Maybe you can think of this as a fondness for indoles or if you have read a number of my posts, that I tend to dabble a bit in the construction of heteroaromatic rings…but just a bit, lol! So I decided that next to the reaction of the week I will give an installment of some indole and azaindole construction and perhaps some substitutions to relive my old days.One of the cool things about this ring is that it has been made in so many different ways and with so many patterns it has a place on the top shelf of the heterocycle hall of fame…..we should do the stats and see which ring or fused system has been made the most. OK OK I better get to it. The Hemetsberger indole synthesis is not the most popular of the brands out there but it is an elegantly simple process to use if you can make variations of the starting 3-aryl( or heteroaryl)-2-azido-propenoic ester because upon heating you should generate the 2-carboxylate on the indole nucleus. LOVE IT! what, heat from starting material to product — I can’t think of anything but a microwave. And for those of you who like arrows like I do — watch the energy give off during the reaction. As a side note the vinyl azide is made with an aromatic aldehdye and ethyl azidoacetate condensation. Since it is a thermal process with N2 release most of these have been made with refluxing toluene or xylene.

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Hemetsberger Indole Method

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Reaction mechanism

Application of the process (TL 2009) in the microwave provided the indoles in 10 minutes under microwave conditions. Several substrates indicated the utility of the process but what was most interesting end up being the method screening. Several different solvents were examined for conversion. Note in these cases the best reactions were performed in poor microwave absorbing solvent systems.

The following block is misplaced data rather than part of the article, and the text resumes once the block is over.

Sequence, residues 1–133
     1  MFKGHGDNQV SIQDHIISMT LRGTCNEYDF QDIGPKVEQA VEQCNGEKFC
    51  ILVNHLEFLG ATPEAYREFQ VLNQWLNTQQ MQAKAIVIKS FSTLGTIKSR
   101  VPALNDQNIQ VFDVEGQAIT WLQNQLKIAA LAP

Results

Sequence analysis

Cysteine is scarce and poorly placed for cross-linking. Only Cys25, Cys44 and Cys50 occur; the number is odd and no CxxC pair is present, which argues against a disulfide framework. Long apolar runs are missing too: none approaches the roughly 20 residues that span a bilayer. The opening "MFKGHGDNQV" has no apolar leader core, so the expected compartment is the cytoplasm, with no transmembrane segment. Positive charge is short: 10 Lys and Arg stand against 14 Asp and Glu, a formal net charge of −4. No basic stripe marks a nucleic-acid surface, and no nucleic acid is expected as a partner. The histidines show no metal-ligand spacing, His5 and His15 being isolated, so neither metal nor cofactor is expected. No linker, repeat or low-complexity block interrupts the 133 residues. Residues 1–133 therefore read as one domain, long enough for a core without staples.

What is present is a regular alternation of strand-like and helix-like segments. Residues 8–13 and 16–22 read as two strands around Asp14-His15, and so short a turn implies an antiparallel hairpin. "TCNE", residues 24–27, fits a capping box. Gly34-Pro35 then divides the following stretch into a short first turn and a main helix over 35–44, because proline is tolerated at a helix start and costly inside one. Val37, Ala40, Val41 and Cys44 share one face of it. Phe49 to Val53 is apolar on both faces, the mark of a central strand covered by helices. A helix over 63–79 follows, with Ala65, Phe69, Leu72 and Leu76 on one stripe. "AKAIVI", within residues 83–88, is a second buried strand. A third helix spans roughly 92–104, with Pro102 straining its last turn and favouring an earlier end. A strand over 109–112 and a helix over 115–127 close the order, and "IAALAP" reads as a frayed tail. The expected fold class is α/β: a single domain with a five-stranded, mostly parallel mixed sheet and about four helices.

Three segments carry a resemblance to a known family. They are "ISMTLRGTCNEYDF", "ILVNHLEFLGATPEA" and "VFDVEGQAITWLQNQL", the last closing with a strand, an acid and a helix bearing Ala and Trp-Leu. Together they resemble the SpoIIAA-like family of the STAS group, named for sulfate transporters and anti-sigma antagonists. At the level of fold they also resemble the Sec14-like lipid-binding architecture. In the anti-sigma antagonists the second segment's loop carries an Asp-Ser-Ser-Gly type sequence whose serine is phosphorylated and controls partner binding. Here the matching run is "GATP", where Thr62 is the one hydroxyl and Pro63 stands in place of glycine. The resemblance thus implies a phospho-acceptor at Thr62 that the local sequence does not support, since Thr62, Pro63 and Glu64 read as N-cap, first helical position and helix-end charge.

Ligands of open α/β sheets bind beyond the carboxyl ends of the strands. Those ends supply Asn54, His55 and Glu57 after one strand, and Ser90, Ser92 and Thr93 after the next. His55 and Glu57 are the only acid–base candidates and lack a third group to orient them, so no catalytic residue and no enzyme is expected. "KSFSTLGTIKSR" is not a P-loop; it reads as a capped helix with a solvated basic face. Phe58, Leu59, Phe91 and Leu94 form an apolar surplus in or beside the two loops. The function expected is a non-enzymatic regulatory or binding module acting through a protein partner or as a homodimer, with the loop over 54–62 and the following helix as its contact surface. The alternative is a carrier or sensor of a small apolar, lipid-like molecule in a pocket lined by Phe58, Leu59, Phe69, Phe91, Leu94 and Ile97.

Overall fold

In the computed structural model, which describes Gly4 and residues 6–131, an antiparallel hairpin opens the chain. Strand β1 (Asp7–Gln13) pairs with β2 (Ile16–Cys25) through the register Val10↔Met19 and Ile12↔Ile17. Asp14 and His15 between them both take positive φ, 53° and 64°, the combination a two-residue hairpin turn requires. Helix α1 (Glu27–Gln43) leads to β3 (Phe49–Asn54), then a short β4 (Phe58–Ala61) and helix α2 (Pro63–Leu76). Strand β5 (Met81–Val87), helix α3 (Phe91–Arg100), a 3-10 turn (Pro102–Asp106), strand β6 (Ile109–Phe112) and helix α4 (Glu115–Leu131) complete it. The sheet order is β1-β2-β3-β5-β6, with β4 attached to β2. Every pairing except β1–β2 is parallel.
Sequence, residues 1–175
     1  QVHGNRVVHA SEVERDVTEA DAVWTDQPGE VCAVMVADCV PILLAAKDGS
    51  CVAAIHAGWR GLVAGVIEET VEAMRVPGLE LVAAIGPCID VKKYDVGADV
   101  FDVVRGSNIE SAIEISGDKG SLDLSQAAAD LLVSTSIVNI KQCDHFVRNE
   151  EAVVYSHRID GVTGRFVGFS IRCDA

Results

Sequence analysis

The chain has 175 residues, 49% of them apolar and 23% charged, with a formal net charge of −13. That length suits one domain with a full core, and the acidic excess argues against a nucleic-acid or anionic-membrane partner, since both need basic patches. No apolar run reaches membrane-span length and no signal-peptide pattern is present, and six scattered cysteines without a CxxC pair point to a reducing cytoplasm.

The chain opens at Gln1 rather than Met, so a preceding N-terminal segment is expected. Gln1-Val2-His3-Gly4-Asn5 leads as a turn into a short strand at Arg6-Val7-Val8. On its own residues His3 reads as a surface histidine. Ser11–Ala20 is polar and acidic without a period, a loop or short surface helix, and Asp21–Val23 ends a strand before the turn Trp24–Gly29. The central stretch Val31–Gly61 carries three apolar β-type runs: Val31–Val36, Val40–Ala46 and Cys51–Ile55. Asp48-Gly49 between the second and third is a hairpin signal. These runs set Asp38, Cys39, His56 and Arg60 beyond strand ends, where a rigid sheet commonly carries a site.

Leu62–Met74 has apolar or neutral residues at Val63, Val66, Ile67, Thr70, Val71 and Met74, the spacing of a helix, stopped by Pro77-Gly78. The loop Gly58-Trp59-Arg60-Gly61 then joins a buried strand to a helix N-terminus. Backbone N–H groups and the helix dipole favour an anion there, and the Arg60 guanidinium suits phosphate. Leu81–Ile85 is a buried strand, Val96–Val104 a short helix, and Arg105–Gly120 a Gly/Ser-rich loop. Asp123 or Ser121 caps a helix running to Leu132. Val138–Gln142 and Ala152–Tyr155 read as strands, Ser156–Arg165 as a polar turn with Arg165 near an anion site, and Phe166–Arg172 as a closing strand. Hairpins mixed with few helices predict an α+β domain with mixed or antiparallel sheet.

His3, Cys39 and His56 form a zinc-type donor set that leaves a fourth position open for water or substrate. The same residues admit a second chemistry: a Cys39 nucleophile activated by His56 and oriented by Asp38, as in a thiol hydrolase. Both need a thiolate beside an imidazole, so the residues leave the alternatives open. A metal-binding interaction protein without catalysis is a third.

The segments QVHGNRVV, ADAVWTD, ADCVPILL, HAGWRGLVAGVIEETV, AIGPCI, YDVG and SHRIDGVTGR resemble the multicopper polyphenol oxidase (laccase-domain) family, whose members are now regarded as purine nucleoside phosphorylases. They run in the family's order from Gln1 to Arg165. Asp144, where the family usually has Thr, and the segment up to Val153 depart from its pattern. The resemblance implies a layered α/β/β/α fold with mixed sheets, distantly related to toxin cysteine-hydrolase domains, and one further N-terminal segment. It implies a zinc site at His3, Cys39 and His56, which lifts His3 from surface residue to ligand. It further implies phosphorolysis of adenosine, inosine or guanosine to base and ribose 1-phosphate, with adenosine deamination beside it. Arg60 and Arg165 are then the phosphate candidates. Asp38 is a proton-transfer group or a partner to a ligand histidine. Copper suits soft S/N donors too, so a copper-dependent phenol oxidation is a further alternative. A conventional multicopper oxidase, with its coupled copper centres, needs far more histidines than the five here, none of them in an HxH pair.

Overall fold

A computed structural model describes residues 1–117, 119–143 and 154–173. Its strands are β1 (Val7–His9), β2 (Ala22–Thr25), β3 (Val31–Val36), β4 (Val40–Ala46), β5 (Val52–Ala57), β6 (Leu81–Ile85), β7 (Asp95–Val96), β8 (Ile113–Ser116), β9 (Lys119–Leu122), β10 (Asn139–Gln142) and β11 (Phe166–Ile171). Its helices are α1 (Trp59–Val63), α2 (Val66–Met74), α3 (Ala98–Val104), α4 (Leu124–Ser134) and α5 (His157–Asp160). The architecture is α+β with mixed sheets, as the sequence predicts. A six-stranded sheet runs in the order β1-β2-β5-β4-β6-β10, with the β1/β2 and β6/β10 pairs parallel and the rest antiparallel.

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Solvent screening

Another method study involved the temperatures used and pressures developed from the release of N2 during the reaction along with the vapor pressures generated for each solvent. (this is something many chemists don’t keep track of moving from conventional methods over to the microwave — consider the solvent choices and the vapor pressure they can generate at high temperatures — the vessel choice based on that is critical for success).

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A) 200 °C, 15 min, 13.5 bar. (B) 200 °C, 10 min, 13.5 bar. (C) 200 °C (only 136 °C reached), 5 min, 6.2 bar. (D) 150 °C, 10 min, 6.9 bar. (E) 100 °C, 10 min, 4.2 bar

So in the end — 200C in hexanes for 10 min provided the compounds with no side reactions during the process.

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